The Great American Stamp Show has been canceled for 2020. To read more, visit the updated news story here.
As Connecticut slowly reopens, plans for Great American Stamp Show continue.
We have been in regular communications with event staff and the leadership of the Connecticut Convention Center. Based on those conversations, we expected to provide more clarity to those interested in attending our annual convention by May 15, 2020.
At present, Connecticut Governor Ned Lamont is working with state officials to implement a four-phase plan to restart the state’s economy. His most recent order to lift the stay at home restrictions ends on May 20, 2020. At that time, the state will be evaluating these plans.
At this point, we continue to work with our partners at the American Topical Association and the American First Day Cover Society to plan. Many dealers and exhibitors are planning and members are still registering to attend the show, slated for August 20-23, 2020. Our first priority in planning for the event is the health and safety of our members, dealers, and guests.
Given the current state of affairs and a lack of clear guidance from the State of Connecticut and the Connecticut Convention Center, we are unable to provide more information at this time. We will update members as soon as possible and continue to press for a firm decision within weeks.
If we are unable to move ahead with the Great American Stamp Show, all payments by exhibitors, dealers, and members to the APS will be fully refunded.
On behalf of our partners, thank you for the patience, understanding, and support from the APS, ATA, and AFDCS members as we navigate a very challenging situation.
Governor Lamont on Connecticut's status
The most recent comments from Governor Lamont highlight the challenges of planning for the show.
Source: Hartford Courant, May 15, 2020: "Q&A with Gov. Lamont: Reopening the state, transparency and what a COVID-19 summer in Connecticut might look like."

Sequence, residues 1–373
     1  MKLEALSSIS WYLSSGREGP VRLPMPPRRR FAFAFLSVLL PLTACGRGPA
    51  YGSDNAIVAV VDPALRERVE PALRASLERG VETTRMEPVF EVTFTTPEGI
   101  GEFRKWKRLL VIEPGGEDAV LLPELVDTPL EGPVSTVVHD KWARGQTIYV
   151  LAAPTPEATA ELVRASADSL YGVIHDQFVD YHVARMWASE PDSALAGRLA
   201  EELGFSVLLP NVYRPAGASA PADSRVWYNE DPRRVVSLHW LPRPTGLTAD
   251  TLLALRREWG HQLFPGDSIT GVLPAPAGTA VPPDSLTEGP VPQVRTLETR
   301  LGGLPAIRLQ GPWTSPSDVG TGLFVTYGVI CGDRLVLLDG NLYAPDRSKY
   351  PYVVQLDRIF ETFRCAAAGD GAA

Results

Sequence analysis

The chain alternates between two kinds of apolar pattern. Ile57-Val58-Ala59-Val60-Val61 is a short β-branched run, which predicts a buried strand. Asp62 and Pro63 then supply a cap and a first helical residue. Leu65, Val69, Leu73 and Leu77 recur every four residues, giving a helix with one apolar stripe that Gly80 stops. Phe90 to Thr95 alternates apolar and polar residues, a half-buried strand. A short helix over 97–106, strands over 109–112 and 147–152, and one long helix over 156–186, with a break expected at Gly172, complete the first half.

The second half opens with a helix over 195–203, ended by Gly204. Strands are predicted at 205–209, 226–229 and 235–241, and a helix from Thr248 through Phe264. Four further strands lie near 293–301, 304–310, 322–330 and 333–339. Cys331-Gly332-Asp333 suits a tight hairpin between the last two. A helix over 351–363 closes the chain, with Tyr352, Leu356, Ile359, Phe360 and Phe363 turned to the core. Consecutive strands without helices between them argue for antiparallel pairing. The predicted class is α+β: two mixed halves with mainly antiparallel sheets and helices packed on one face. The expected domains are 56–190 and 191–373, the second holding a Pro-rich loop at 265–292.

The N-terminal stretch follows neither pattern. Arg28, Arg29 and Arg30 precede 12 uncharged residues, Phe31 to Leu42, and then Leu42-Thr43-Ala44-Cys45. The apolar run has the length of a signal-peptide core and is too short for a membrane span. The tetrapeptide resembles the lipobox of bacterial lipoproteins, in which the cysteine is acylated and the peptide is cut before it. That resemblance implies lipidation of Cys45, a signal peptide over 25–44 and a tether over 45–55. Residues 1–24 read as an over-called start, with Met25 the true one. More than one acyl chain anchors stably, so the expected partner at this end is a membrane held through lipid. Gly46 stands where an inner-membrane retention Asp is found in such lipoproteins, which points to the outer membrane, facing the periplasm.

Q: What’s the summer going to look like in Connecticut? What types of things will people be able to do?
A: There are many questions, and I wish I could speak with absolute clarity about July, August, and September. But look at what's happened in this state, in this country, in this world just in the last 60 days. I'll let you know how I'm thinking about things, and that's the best I can do, and we have to reserve the right to change our minds. Like we said before, if there are flare-ups, how do we respond?
My instinct, broadly speaking, is that outdoors is a lot safer than indoors. You saw that reflected in restaurants, for example. You see that reflected in parks and beaches. You see that reflected as we slowly opened up Mystic Aquarium and places where you can be outside. We couldn't open schools in June, but how can you do summer camps in July? To me, that was sort of an inside/outside thing. We could have a smaller group, 12 people or so outside, much safer. Later on in the summer, I would say if things stay on track, the lines stay trending in the right direction, we can allow slightly bigger groups, 50 to 100.
Believe me, I get a lot of questions about weddings. I tell people I think will end up being much more generous for outside weddings than a hundred people packed inside. I know that’s not as exactly clear as you’d like, but at least you have an idea of how we’re trying to think about this. We’re going to be rolling out different protocols for all these different types of events every two to four weeks just based on experience.